Updated at 3:30 p.m.

The first COVID-19 vaccines given in Massachusetts will go to medical workers on the front lines of the epidemic beginning this month, with first responders and residents of elder care homes, homeless shelters and prisons also near the front of the line.

Gov. Charlie Baker laid out details of his three-phase plan to distribute the vaccines when they become available at his daily coronavirus press conference Wednesday at the State House. After all three phases of the plan are complete, Baker hopes the majority of the state's population will have access to the vaccine by April.

"Both the Moderna and Pfizer vaccines take about six weeks to provide a person with immunity from the virus," Baker said. "That means that while the first doses will be administered shortly, we're several months away from safely vaccinating a majority of the people of Massachusetts."

Phase one of the vaccine plan calls for clinical and non-clinical health care workers on the front lines of COVID care to receive shots first, then residents of long-term care and rest facilities, first responders, residents of correctional facilities and homeless shelters, home-based health care workers and those providing non-COVID-19 care.

The state's first order is forl 60,000 doses. Phase one is expected to require 300,000 doses.

Health and Human Services Secretary Marylou Sudders said she was thrilled by the recommendation of Baker's COVID advisory group to include prisons and homeless shelters among other congregate care settings, like elder care facilities, where residents are particularly vulnerable.

"From an equity perspective, where people are together and at risk in the same situation, we felt it was really important to prioritize that group," said Dr. Paul Biddinger, the chair of the advisory group and director of the Center for Disaster Medicine at Massachusetts General Hospital.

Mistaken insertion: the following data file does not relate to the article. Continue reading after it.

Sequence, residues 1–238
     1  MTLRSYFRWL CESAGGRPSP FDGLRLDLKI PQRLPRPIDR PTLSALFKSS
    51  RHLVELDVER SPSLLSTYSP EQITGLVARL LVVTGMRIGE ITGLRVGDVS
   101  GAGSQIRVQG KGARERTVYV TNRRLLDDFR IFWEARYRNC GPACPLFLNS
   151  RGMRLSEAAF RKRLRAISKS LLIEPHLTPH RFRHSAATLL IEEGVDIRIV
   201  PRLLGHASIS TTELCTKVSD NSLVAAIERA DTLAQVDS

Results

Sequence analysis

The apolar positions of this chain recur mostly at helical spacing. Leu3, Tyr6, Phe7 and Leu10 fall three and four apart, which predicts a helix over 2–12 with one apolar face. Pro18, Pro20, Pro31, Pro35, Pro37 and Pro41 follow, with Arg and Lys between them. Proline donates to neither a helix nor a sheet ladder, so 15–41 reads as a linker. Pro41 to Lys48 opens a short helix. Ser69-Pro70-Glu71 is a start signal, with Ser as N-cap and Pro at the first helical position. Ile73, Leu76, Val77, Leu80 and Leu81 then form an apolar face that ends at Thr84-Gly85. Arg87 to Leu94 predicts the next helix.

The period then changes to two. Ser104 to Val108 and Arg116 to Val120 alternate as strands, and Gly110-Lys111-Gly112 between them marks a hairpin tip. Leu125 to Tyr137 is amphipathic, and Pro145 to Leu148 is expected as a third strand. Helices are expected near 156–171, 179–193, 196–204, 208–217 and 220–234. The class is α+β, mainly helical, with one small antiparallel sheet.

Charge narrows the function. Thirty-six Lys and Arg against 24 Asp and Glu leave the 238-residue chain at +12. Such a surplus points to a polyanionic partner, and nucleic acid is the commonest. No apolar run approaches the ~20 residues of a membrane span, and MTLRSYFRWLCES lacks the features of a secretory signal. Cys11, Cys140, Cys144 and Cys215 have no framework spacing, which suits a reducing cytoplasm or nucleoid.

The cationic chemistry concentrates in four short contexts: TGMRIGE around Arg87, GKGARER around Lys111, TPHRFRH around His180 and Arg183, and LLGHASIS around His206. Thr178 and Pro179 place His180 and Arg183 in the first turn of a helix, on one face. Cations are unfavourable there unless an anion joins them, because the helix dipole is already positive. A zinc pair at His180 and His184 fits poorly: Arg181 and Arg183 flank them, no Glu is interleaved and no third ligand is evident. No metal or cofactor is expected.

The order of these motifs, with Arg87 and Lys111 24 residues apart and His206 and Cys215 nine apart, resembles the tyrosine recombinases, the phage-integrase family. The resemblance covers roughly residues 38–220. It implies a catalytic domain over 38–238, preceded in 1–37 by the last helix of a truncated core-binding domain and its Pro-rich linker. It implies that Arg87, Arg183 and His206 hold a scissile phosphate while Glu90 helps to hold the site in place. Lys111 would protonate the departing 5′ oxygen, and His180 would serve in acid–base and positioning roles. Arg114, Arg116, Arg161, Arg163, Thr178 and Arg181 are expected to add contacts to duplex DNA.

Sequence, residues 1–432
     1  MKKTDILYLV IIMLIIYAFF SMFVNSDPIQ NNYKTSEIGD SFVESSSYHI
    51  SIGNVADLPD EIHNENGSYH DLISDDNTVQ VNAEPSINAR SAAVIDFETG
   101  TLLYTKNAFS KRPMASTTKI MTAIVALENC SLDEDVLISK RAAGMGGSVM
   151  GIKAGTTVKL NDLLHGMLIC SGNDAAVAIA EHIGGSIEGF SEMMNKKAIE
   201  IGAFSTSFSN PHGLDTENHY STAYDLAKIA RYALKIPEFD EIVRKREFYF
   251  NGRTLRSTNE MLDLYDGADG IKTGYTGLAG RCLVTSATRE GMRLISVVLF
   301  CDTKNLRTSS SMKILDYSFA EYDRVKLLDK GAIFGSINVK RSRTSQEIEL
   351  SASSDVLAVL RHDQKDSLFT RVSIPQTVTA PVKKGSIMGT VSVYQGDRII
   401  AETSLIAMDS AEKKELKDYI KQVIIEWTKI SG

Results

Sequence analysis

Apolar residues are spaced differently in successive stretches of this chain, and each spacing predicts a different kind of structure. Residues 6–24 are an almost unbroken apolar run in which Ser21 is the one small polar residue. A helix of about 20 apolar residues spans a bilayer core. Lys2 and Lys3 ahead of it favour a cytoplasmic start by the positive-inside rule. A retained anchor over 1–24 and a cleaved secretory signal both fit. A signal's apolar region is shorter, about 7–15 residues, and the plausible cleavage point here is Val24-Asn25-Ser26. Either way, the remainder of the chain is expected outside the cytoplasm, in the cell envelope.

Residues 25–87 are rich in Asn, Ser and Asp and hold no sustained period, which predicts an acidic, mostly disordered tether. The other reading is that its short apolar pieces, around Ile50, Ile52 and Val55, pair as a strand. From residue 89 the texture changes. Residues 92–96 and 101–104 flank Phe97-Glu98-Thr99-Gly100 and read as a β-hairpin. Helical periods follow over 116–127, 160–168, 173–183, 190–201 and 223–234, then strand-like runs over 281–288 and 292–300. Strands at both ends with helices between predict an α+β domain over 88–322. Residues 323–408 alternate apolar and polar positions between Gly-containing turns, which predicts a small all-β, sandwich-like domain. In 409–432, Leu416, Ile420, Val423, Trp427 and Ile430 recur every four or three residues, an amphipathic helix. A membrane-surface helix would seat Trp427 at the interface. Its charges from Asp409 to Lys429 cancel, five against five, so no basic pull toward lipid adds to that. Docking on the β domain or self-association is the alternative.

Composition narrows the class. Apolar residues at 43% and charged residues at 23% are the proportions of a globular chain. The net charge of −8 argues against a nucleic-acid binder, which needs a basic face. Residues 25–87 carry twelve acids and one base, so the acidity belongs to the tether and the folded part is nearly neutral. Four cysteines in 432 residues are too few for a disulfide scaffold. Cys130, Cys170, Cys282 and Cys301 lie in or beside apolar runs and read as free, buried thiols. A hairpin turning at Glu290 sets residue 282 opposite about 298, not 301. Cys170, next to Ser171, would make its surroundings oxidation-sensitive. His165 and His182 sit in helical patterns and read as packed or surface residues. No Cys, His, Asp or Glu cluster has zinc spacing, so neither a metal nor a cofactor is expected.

Inoculating prisoners before some other portions of the population sparked a degree of outrage in Colorado, where Gov. Jared Polis took issue with the recommendations of his own vaccination task force.

One fear, as The Colorado Sun reported at the time, is that an outbreak in a prison, where there is little ability to social distance, could spark a wider outbreak in the community at large.

The second phase of the Massachusetts rollout plan, estimated to come in February, will include people at the highest risk of complications from COVID-19, along with teachers, transit workers, grocery store employees and public health workers. Later in phase two, which is estimated to run through April, vaccinations will include those over 65 and those with lower but still significant risk of complications.

Nearly 2 million doses of the vaccine will be included in the second phase.

Boston Public School Superintendent Brenda Cassellius welcomed the news that pre-k and k-12 teachers and staff will be part of the second phase of vaccinations while appearing on GBH News' Boston Public Radio on Wednesday.

Phase three, when the general public will receive vaccination, will start in April, according to Baker's plan. By then, the state hopes enough vaccine will be manufactured to supply the rest of the state's over-18 population — around 5.8 million people.

"It's still too early, and there are too many variables that are still being worked out, to say exactly when this stage of the process would get underway. But our estimate is that this segment of the population could start getting vaccinated sometime in the spring," Baker said.

Baker is prioritizing communities of color in the phase-three distribution timeline and said he'll be focusing intently on reaching that population and making clear that vaccines are safe and effective.

"Communities of color and at-risk populations will be prioritized throughout this process in order to preserve life and prevent serious complications from COVID-related illnesses," the Rev. Liz Walker, senior pastor at Roxbury Presbyterian Church, said at the news conference.

Walker admitted that some Black and Latino communities may be initially distrustful of the vaccine's effectiveness.

"I think there's a lot of skepticism still," Walker said. "It's going to take a lot of work."